Joey Senkyr

About Joey Senkyr

Born and raised in rural Minnesota, Joey moved to Minneapolis for college and is unlikely to ever move back. Now that he's graduated, he lives and works in Downtown Minneapolis, where he designs electrical substations.

22 thoughts on “Skyway Connections on Nicollet Mall

  1. Adam MillerAdam Miller

    I’d been pondering writing something like this, perhaps venturing farther from the Mall too, but this is exactly right. We do a lousy job of taking advantage of the streets/skyway connection we have too. And here on the Mall, we actually have them. We just need to help people find them.

    It’s really elsewhere that the connections are missing, typically in older buildings that were not designed with multiple pedestrian levels in mind.

    1. Matt Brillhart

      Public access would still lead directly into a privately-owned skyway and privately-owned building. So what’s the difference, really?

      1. Alex CecchiniAlex Cecchini

        St Paul’s model with a public easement in skyways is a better model IMO. It allows them to control and standardize hours. In theory (the Lollie incident a year ago somewhat disproves this), it would also remove some of the public access concerns about private spaces. But those issues exist on sidewalks today with police anyway. Something is better than nothing in this case.

        1. Joey SenkyrJoey Senkyr Post author

          Pretty much what Matt says. In a couple years, if the current plans go through, the library will be a publicly-owned skyway access, but actually getting anywhere will still depend on the whims of Opus or whoever they sell their Ritz Block project to. Unless Minneapolis can somehow get control of the skyways like St. Paul has, I don’t really see the point of creating potentially dead-end stairways.

          1. Alex CecchiniAlex Cecchini

            Sorry, my last sentence was meant more in the general sense of pushing for public easement even though there are still challenges/issues that arise.

          2. Adam MillerAdam Miller

            I don’t know exactly what authority the Downtown Council has, but new buildings don’t tend to be the roadblocks against uniformity/longer hours on the skyway. They tend to be built so that people can pass through without creating heartburn for the business owners. 333 S. 2nd used to be an annoying outlier, but I think it’s come into line. And the Soo Line and 5th Street Towers too, I think.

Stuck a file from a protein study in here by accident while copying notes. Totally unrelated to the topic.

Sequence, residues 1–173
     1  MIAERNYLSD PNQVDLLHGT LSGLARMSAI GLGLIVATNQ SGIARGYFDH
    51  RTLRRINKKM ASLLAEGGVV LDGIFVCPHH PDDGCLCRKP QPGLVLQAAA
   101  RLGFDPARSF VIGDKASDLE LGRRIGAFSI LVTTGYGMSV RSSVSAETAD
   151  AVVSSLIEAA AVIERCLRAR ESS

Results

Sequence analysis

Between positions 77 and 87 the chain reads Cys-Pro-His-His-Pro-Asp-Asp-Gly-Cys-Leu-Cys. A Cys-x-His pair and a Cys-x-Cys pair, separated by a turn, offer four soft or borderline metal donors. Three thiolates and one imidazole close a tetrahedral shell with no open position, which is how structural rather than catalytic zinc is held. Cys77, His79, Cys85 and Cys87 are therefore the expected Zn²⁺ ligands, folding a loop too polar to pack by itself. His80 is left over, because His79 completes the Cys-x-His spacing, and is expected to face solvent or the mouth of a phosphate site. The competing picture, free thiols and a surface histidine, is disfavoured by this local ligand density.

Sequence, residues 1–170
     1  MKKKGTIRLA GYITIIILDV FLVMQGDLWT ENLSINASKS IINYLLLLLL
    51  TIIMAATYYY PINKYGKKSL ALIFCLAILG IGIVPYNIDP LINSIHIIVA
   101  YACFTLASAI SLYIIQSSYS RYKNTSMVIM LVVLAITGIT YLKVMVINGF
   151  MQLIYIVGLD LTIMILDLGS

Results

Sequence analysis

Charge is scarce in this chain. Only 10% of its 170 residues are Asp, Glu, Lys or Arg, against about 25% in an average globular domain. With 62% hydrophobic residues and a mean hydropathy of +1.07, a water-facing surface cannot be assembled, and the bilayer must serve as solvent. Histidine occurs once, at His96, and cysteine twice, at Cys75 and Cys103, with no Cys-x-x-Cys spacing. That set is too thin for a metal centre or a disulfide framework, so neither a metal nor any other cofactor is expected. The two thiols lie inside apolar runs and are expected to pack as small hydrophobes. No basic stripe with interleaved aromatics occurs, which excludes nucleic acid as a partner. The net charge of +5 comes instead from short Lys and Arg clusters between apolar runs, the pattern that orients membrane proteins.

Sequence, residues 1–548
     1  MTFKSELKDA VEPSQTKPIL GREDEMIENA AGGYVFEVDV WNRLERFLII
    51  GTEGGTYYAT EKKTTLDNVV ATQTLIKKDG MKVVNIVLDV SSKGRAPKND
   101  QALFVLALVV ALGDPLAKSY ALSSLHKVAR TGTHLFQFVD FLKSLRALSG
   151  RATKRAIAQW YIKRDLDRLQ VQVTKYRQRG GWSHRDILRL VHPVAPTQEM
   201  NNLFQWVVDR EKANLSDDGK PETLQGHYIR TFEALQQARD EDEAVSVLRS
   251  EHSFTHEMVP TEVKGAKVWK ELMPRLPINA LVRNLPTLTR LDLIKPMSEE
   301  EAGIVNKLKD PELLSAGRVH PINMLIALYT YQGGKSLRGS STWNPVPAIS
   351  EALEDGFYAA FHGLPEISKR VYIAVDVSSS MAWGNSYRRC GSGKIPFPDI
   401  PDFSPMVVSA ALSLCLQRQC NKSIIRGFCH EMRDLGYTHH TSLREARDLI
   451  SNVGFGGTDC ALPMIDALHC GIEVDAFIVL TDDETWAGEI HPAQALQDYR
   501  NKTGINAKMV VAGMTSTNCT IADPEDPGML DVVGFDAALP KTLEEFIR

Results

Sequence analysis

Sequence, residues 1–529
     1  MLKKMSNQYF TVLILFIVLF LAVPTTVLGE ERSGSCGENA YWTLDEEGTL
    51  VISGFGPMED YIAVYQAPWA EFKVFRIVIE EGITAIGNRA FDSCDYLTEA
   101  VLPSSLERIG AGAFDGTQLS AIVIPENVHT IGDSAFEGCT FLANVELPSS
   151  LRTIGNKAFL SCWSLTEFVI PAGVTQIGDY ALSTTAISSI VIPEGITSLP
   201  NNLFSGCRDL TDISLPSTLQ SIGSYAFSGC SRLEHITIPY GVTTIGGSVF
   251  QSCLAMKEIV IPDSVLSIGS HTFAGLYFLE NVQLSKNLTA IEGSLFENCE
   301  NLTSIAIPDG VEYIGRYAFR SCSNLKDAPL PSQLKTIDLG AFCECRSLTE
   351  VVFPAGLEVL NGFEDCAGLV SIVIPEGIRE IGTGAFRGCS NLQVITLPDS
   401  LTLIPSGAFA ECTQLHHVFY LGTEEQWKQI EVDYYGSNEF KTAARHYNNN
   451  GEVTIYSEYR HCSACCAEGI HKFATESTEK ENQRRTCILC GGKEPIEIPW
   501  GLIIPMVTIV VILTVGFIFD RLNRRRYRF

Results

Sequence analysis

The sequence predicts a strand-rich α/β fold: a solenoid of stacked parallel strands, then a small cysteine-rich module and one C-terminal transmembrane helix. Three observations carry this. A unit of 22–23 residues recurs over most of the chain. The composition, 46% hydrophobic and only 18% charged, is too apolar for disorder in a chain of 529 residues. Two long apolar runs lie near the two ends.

The harder to deal with issue is places like Macy’s, who understandably don’t want people walking through their merchandise late at night and also happen to be a hub where many routes converge.

            1. John Charles Wilson

              Does Macy’s still provide early morning (6-9 AM weekdays, before the store opens) access with the merchandise roped off? Could this concept be extended to evenings and weekends with appropriate security funding?

              1. Joey SenkyrJoey Senkyr Post author

                It does still allow early morning access. I would assume they could be convinced to allow evening access if someone else was paying for the security guards, but I don’t really know.

  2. Joe

    This is a good idea because it is so cheap, but I will say, I’ve been to Des Moines 50+ times and have never noticed these signs. I have ended up in the skyway before, but not because of these. So yes, they are better than nothing, but they certainly wouldn’t serve an identical purpose to the grand staircase. A visitor to Minneapolis would be drawn up the stairs, curious what is up there. They will (probably) not be drawn inside the US Bancorp building because of a blue sign that says S.

  3. Wayne

    let’s just raise the street level to the 2nd floor and have an awesome ‘underground’ set of bus and pedestrian passages, with occasional car access to get to parking ramp entrances and loading docks. If they’re too afraid to build a tunnel anywhere and insist on some kind of sheltered connection between buildings, that seems like a viable option. Maybe between Hennepin and 3rd ave and 3rd st to like 10th or something?

  4. Bill LindekeBill Lindeke

    I can’t believe I never read Sam Greer’s article before now! Thanks for bringing attention again to this.

    I believe the skyway is intentionally designed to be confusing and quasi-public, so as to limit the “publics” that have access to it. In a sense, it literally is “structural racism.” There have been many many attempts to improve wayfinding, but it often reminds me of those anti-smoking ads in the 80s that actually encouraged kids to smoke. In other words, disingenuous.